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Skeeter at the vet
Credit: Paul L Dineen on flickr / Licensed under Creative Commons Attribution 2.0 Generic

On August 17th, 2014, the British Veterinary Association (BVA) released the results of a nationwide survey completed by 1,208 veterinarians. The purpose was to find out if information sought online by pet owners (often referred to as Dr. Google) was actually beneficial for the animals they were seeing.

In my experience, cats who are ill tend to become less social and retreat without complaining (unlike ill family members of the human species). That, coupled with the fact we cannot ask our pets what's wrong, makes it even more crucial that information online isn't more relied upon more than a trip to the vet.

The alarming statistic was that a mere 6% of small animal veterinarians found Dr. Google genuinely helpful for ill pets. Furthermore, more than 80% of pets were brought to the vet later than they should have been - early treatment can be vital in many cases.

Over 4 years ago, I wrote Google as Doctor as it pertained to macular degeneration in humans and what ophthalmologists discovered. Sadly, only 52% of the information found online was accurate and much of the pertinent data was missing. 

Have You Seen This Look?

At the vet for a checkup, Simcoe is not pleased

At the vet for a checkup, Simcoe is not pleased
Credit: Elizabeth Krumbach Joseph on flickr / Licensed under Creative Commons Attribution 2.0 Generic

Dr. Robin Hargreaves, BVA president and former president of the Lancashire Veterinary Association commented:

"It worries me to hear that so many people are relying on guesswork or unverified internet sources for health advice for their pets. While there is some useful information about pet behaviour and health available online, particularly from the established animal charities, the best source of information for animal health concerns will always be your vet who knows your pet."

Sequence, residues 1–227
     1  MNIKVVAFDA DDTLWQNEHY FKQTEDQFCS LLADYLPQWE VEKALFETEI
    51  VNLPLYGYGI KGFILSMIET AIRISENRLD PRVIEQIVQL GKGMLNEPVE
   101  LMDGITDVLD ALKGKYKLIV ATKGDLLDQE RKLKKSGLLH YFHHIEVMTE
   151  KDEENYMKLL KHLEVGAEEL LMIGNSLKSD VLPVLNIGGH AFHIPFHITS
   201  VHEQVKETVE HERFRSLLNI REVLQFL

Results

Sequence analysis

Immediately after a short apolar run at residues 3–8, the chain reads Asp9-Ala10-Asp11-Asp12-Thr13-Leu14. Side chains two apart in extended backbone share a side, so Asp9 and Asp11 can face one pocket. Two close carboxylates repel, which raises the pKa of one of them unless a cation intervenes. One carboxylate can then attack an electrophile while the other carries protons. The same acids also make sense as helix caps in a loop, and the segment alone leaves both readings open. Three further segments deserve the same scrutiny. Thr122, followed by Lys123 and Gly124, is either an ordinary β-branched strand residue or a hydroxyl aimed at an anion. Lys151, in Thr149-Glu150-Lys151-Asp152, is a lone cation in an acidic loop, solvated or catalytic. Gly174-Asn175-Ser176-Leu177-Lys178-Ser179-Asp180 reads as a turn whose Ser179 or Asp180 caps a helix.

At the Vetbrownpau on flickr / Licensed under Creative Commons Attribution 2.0 Generic

When veterinarians were asked what they thought were the main reasons that pet owners bring their animals in to be seen later than they should, these were the results:

  1. 94% felt it was because of financial reasons
  2. 81% said it was a lack of understanding 
  3. 57% reported that pet owners attempted to treat or medicate their animals themselves

A whopping 98% of respondents to the survey felt that pet owners were influenced by information found on the internet.

Not All Information Online Is Wrong

Dr. G and LinkTony Alter on flickr / Licensed under Creative Commons Attribution 2.0 GenericThere are a number of great resources for information about pets and pet care online. But it's important to distinguish helpful advice from unsubstantiated claims or when advice is beyond the scope of the person offering it.

Even for veterinarians who provide phone consultations, it proves extremely challenging (if not impossible) to diagnose without examining a pet. Some people (and I know a few) tend to either exaggerate or diminish the severity of their pet's symptoms. Plus, pets don't complain the way people do when they are ill - they tend to just "tough it out."

A participant in the survey also noted:

"Dr. Google [visits] often result in owners misdiagnosing conditions, followed by the client being led to believe that there is a cheap and effective treatment obtainable online or from a pet shop. And thus, animals suffer far longer than need be."

More Survey Information

Dewey at the vet'sangela n. on flickr / Licensed under Creative Commons Attribution 2.0 GenericWhen veterinarians for companion animals were asked what the three most common health reasons were that pets were brought in to be examined, the following results were found:

70% mentioned skin problems/diseases 

54% said gastrointestinal disorders

45% musculoskeletal problems

31% obesity/obesity-related disease

24% dental problems/disease

18% ear infections/disease

I was surprised that skin conditions were the number one reason. And given all the potentially harmful products that are touted online or available over-the-counter (such as flea and tick products), I can only imagine how tricky it becomes for a veterinarian to try to sort out, swab or test a pet's affected area after such products have been applied at home.

Dr. Hargreaves also cautioned:

"Given the number of animals with skin problems I see in my own practice I’m not surprised to hear how common they are. I’d strongly encourage owners to visit a vet early if their pet is scratching or licking themselves a lot or showing other signs of skin discomfort."

And the reason he gave was:

"Issues such as parasites, fungal infections and allergies are often easily treated but are difficult for owners to diagnose accurately at home. The outcomes are often good if they’re brought in early but can develop into more unpleasant conditions if left untreated."

Tips for Taking Your Cat to the Veterinarian

Statistics show that cats visit the vet half as often as dogs

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